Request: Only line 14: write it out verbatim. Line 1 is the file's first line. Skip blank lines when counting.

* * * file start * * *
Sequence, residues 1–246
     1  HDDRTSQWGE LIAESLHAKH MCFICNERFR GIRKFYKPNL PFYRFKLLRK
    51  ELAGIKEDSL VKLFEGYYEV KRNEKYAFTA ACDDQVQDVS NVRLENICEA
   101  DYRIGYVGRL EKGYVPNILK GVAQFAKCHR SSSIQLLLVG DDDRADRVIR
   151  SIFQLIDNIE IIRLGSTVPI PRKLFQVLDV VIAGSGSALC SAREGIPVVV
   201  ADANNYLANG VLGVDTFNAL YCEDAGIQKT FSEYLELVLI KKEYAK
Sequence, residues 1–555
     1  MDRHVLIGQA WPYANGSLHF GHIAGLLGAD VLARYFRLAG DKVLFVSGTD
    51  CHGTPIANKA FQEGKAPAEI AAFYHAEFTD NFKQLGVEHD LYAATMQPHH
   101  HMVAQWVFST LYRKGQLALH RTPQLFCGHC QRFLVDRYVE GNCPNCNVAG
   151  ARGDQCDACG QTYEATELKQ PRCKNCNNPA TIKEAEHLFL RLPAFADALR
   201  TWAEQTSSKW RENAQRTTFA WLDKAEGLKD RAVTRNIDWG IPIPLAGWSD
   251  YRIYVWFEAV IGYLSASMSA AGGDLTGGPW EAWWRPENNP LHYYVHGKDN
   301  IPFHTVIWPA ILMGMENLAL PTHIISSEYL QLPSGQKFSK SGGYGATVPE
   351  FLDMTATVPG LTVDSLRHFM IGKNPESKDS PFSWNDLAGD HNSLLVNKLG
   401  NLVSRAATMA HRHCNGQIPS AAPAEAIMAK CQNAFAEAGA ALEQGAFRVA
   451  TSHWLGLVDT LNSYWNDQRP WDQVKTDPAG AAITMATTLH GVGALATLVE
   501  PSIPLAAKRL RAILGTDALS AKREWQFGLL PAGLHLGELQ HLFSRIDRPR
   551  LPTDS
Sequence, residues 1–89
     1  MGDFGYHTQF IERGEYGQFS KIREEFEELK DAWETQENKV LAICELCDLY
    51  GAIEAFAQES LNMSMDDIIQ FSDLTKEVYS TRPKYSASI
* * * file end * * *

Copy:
   301  IPFHTVIWPA ILMGMENLAL PTHIISSEYL QLPSGQKFSK SGGYGATVPE